Rice University: Rusting iron can be its own worst enemy

The reason has eluded materials scientists to now, but a team at Rice University has a theory that could contribute to new strategies to protect iron from the environment.

Materials theorist Boris Yakobson and his colleagues at Rice’s George R. Brown School of Engineering found through atom-level simulations that iron itself plays a role in its own corrosion when exposed to supercritical CO2 (sCO2) and trace amounts of water by promoting the formation of reactive species in the fluid that come back to attack it.

In their research, published in the Cell Press journal Matter, they conclude that thin hydrophobic layers of 2D materials like graphene or hexagonal boron nitride could be employed as a barrier between iron atoms and the reactive elements of sCO2.

Rice graduate student Qin-Kun Li and research scientist Alex Kutana are co-lead authors of the paper. Rice assistant research professor Evgeni Penev is a co-author.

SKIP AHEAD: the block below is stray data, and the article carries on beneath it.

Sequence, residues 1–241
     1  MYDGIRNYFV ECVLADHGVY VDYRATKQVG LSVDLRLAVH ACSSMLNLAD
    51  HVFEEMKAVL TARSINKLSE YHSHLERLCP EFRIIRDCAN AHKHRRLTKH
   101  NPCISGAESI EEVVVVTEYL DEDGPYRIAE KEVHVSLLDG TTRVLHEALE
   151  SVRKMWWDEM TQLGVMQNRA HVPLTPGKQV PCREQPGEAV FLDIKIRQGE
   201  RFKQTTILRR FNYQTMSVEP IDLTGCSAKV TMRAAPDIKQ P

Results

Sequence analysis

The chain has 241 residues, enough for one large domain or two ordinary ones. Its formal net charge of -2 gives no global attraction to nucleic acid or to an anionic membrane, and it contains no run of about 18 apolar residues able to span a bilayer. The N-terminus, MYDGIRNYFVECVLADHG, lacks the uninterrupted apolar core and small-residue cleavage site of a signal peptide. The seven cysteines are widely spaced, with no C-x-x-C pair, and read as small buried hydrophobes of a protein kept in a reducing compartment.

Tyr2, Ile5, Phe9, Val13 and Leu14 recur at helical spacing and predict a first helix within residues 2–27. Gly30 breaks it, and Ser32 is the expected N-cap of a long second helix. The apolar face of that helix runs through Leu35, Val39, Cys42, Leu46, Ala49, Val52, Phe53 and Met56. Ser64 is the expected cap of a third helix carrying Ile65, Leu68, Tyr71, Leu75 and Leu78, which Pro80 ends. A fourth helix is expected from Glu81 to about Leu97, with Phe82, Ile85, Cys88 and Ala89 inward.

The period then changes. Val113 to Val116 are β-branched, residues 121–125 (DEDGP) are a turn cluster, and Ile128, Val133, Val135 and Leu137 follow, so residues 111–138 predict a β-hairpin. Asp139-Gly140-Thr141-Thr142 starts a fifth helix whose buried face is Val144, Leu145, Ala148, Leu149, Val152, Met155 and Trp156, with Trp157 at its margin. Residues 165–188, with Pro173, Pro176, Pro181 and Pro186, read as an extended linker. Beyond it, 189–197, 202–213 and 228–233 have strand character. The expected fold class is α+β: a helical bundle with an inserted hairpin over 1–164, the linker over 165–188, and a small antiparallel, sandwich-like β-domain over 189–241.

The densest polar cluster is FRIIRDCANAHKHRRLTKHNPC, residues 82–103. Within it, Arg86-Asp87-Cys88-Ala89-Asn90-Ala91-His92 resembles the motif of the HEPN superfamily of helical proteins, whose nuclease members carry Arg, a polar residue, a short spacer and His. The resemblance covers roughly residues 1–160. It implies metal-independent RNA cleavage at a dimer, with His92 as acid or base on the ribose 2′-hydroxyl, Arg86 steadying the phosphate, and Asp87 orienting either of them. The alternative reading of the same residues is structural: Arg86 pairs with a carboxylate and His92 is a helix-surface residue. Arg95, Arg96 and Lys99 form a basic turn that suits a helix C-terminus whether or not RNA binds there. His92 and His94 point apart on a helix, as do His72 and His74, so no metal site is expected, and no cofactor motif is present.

Supercritical fluids are materials at a temperature and pressure that keeps them roughly between phases — say, not all liquid, but not yet all gas. The properties of sCO2 make it an ideal working fluid because, according to the researchers, it is “essentially inert,” noncorrosive and low-cost.

“Eliminating corrosion is a constant challenge, and it’s on a lot of people’s minds right now as the government prepares to invest heavily in infrastructure,” said Yakobson, the Karl F. Hasselmann Professor of Materials Science and NanoEngineering and a professor of chemistry. “Iron is a pillar of infrastructure from ancient times, but only now are we able to get an atomistic understanding of how it corrodes.”

The Rice lab’s simulations reveal the devil’s in the details. Previous studies have attributed corrosion to the presence of bulk water and other contaminants in the superfluid, but that isn’t necessarily the case, Yakobson said.

“Water, as the primary impurity in sCO2, provides a hydrogen bond network to trigger interfacial reactions with CO2 and other impurities like nitrous oxide and to form corrosive acid detrimental to iron,” Li said.

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